I've eaten in a few of Jason Atherton's restaurants, and always I've left feeling that I've been given very good food, with no disappointments, and a feeling that I've had decent value. But of course most of the food I've eaten has been "modern European" and I have wondered whether he could translate his values to what is billed as a bistro, but turns out to have some interesting twists.
We both chose the set three course lunch today, in a restaurant that with its dark wood, banquettes, and bar stools, looks like some pub dining rooms. By the time we finished, the restaurant was full. We were greeted nicely and the service was pleasant and timely throughout- maybe a little brisk actually Good bread, though my wife found the butter (smoked?) a little too salty. As seems todays fashion, there were no amuses bouches , inter-course dishes, or petits fours, though that said, with three courses we had sufficient to eat. Our leek and potato soup starters with quail egg and (I think) wild garlic was tasty and flavoured strongly of leek rather than the creamy, potato -rich dish one often encounters. It was our first clue really that despite that this wasn't a typical Jason Atherton menu, that doesn't mean that flavours are indistinct, or that you can't pick out the advertised ingredients quite clearly. Its as if the principles of his more usual food have been abstracted and applied to a different type of food. My cod on an ( extraordinarily flavoursome) cauliflower couscous in a duck broth was nothing short of delicious. My wife's beef jus ( in essence a pulled ox cheek sandwich with a dipping broth and chips) was in theory equally unusual, though she'd say that the dish was decent rather than exciting. My rhubarb and apple crumble was again delicious- the crumble had the crisp texture of a toasted muesli rather than heavy, solid topping that so often accompanies this dish. The fruits were delicious too.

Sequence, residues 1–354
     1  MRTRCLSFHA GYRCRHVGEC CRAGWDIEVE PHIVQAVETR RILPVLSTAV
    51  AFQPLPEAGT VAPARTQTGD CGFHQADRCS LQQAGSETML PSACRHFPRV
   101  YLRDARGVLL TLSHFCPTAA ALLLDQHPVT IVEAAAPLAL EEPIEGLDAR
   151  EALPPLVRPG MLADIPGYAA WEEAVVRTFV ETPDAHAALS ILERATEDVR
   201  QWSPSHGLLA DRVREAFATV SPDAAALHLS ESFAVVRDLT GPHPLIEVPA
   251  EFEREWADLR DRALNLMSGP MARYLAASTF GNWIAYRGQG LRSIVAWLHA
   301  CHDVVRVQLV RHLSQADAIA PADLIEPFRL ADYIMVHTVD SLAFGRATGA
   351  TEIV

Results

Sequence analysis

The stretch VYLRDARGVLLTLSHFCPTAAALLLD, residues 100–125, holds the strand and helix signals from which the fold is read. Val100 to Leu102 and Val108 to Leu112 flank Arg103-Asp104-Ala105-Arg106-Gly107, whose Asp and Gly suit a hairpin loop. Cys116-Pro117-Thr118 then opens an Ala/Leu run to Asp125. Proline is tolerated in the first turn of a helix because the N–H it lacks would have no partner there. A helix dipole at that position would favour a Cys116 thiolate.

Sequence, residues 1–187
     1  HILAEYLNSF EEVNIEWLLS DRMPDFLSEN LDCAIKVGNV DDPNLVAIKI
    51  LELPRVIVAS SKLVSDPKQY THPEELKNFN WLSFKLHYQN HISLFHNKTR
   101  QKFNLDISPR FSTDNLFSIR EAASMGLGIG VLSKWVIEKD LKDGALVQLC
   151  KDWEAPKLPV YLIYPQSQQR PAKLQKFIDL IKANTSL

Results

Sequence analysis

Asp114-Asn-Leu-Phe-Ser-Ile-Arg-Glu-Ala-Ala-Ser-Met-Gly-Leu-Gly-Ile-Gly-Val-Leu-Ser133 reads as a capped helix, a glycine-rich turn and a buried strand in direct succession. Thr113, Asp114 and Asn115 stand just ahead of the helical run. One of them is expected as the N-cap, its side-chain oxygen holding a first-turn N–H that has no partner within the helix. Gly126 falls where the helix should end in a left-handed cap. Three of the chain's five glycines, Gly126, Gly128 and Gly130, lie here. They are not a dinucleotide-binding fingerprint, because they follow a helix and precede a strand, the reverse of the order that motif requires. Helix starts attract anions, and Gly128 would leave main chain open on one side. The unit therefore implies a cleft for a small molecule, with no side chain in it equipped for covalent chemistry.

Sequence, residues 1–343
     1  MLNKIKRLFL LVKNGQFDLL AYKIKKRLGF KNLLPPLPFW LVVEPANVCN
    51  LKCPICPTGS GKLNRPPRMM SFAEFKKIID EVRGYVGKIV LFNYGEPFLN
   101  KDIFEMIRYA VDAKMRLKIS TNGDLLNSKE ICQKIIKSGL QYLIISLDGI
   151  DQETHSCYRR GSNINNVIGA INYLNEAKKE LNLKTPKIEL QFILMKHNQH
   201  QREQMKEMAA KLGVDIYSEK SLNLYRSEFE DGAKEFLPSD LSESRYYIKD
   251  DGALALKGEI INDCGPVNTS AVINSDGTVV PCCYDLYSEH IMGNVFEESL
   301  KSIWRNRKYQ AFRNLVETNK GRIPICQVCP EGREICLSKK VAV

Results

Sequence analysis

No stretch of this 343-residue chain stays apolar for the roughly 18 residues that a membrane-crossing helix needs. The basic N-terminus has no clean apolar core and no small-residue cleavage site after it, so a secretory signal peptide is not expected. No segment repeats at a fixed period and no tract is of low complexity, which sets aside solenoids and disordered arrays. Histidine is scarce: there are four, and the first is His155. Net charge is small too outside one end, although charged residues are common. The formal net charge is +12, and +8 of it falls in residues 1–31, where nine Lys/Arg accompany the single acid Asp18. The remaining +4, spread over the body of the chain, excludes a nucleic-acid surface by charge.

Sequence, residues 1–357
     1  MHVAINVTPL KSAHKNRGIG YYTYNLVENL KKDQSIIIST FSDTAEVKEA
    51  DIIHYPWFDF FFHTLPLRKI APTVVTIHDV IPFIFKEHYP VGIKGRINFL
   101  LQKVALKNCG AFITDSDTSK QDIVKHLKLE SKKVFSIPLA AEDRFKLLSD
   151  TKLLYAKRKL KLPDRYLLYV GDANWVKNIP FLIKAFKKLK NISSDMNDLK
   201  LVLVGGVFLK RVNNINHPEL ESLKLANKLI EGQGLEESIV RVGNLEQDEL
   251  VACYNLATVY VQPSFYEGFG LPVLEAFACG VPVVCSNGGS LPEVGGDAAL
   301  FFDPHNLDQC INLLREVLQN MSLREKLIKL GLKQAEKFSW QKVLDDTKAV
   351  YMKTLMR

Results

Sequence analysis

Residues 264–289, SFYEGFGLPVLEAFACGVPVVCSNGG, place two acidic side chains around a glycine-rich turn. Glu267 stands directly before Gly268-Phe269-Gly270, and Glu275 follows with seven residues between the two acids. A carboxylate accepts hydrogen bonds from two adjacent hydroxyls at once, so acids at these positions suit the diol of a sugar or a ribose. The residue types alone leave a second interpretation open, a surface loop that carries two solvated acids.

Now the impression I want to create here is that this restaurant is often described as a bistro, and there's an element of truth in that. But its not a place to go expecting classical versions of traditional French bistro standards. The level and style of cooking across the road is filtering across, and frankly the cooking here is better than I'd expect in a bistro, either here or in France. There's a fine-ness and the ability to pick out individual ingredients about the cooking here, and it does make it better.
Our bill for three courses, a half-litre of a pleasant, easy drinking house red, coffee and service came to £96, which we thought was good value for food of this quality and interest. We'll go back.